Tamaan Osbourne-Roberts ’23 reflects on lessons learned from the Frederick Douglass collection at the Beinecke Rare Books & Manuscripts Library, which he visited during a recent EMBA class weekend in New Haven.
One recent weekend, I had the chance to do something truly remarkable.
One of the many perks of studying at a world-class institution is having access to world-class cultural repositories. At Williams, it was the Clark Art Institute (which I did eventually get to, the week before graduation…). There are probably a few candidates for this honor at Yale, but for me, the most prominent amongst them is the Beinecke Rare Books & Manuscripts Library.
I’m rather partial to libraries. As a child, they were a safe space, a refuge for a gentle, awkward Black boy who used to spend hours with his mother’s National Geographic magazines, and reading through his family’s encyclopedias for fun. It also means something to me that librarians have been, for the most part, consistently kind to me. But even among libraries, the Beinecke is special, world renowned both as a repository for rare books and documents, as well as an architectural wonder. And with an extra-long lunch on a recent class weekend, I made an appointment to review one of their most special collections: a series of writings, letters, and ephemera from none other than Frederick Douglass himself. They were easily the most significant documents I’ve ever handled—and full of lessons. To summarize just a bit of that collected wisdom:
- Even in his letters to friends and family, his voice is clear, distinctive, and unflinching. He does not apologize for who he is, nor for his fearsome intelligence, nor his prodigious capabilities, nor for the power of his narrative. As someone who has struggled with the strength of my own voice, this was instructive.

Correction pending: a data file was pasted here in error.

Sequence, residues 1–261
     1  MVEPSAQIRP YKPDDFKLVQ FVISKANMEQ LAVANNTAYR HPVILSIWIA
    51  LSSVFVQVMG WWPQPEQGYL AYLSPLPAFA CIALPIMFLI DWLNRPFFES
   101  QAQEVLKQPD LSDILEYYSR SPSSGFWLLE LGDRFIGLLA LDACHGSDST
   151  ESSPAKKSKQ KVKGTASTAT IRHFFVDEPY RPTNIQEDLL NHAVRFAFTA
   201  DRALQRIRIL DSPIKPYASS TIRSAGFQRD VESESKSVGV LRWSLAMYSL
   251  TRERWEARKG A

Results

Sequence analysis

- His letters and speeches were liberally seasoned with edits and emendations, including a charming pair of letters in which, having requested a meeting with a fellow abolitionist on the wrong date, Mr. Douglass had to write his friend back just six days later, acknowledging his “blunder” (his words!) and requesting a new meeting date! For lack of a better way of putting it, it was very much a “reply all” moment (that is, had email been a feature of that time). Seeing one of the greatest of American minds make corrections and struggle with organizing his schedule was a reminder to accept my own mistakes with more grace.
- While the collection had many notable documents, some of the most endearing items were a note replying to his grandson, who had written him to thank “Grandpa” for the gift of a new flute, and his household expense ledger, written in his own beautiful hand. These two documents were incredibly humanizing. For all the weight of history that his legacy carries, he was a human being, with loved ones, responsibilities, and all the regular demands of life. And even with these sorts of daily concerns, he managed to change the world.
It was an incredible afternoon. I hope to return soon.